ADAS and alignments
When aligning vehicles with ADAS systems, are the resets required every time? We have been seeing a lot more of these vehicles lately. what are the options for independent shops?
They are required when SI says they are. Depends on the system and OEM.
Resets (calibrations) of forward facing sensors is recommended by most OEs any time thrust angle changes. Bob is correct in pointing to current SI.
Is any of this information available from alldata or identifix? we unfortunately dont have access to OEM service information.
Everyone has access to O.E. info. All it takes is some moo-lah. ;-) Most have short-term subscriptions available, which is what a majority of shops use.
You could also try calling your aftermarket service information provider and ask THEM to get the O.E. info for you (presuming you and they were unable to find it in their system).
"Everyone has access to O.E. info. All it takes is some moo-lah. ;-)" Thats true, but the shop isnt going to buy them. My managers are having a hard time understanding why we cant align some cars. Ive been recommending we dont align any cars with ADAS, they obviously dont like that.. Ill try to call alldata on the next one I have.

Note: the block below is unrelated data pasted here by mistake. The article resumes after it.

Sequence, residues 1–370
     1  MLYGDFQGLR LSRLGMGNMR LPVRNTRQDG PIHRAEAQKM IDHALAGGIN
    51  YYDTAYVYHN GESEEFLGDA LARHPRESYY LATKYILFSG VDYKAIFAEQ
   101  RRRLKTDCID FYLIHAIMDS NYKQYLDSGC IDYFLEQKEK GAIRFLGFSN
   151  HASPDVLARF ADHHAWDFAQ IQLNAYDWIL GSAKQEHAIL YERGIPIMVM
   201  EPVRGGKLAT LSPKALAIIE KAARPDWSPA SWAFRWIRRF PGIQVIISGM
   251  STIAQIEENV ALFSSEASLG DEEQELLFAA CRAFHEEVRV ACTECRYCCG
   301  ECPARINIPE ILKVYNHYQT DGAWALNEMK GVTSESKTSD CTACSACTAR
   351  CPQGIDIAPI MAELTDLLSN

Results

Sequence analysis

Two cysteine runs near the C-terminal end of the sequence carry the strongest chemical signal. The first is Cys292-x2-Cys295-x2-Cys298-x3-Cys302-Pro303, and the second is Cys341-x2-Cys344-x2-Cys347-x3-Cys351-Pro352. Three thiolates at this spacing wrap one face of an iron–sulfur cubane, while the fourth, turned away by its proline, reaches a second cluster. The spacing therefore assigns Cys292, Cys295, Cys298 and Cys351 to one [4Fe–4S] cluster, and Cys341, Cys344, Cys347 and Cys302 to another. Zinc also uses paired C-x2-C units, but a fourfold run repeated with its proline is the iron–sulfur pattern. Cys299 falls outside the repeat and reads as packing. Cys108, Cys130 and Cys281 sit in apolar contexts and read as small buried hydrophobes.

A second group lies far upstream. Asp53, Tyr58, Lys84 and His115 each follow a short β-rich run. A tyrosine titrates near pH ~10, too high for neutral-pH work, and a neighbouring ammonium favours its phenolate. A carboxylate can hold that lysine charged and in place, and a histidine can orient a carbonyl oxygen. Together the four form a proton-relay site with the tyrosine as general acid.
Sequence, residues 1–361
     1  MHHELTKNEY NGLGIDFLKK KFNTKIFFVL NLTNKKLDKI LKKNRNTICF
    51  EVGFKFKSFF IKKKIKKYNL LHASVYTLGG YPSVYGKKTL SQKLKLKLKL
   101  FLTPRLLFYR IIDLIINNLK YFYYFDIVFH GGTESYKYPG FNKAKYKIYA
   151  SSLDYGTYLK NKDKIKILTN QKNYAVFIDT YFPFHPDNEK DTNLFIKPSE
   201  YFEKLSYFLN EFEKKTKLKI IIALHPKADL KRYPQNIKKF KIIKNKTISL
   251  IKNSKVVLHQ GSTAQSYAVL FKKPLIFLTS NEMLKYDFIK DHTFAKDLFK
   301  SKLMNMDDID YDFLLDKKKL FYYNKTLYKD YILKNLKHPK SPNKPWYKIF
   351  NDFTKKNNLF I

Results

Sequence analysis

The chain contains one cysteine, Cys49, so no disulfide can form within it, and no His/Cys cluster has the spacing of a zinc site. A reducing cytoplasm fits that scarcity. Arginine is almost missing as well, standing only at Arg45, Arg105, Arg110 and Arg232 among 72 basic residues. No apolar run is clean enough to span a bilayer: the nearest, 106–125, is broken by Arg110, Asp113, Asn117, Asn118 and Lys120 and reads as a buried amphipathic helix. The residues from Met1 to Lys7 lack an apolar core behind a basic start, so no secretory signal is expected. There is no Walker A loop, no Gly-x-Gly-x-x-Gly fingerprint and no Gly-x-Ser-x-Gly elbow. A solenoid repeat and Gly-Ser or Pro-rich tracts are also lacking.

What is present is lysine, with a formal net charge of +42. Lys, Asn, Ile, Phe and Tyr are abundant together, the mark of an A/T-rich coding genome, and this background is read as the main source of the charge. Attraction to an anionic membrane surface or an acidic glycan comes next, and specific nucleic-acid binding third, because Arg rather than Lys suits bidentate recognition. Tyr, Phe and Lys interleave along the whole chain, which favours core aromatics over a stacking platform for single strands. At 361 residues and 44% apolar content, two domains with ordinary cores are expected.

With that thought process, you won't be doing any alignments in a few years. AllData will email any info you can't find or help you find it in their system
MotoLogic has OE information in their system and Identifix has a portal to OE documents. 2017 and 18 or so will require an OE website for current SI.
Motologic will email missing content in the same way as ALLDATA. Just use the customer service link.
you are right, Ive told my employer the same thing. but I can assure you they are not going to buy the tools to do it.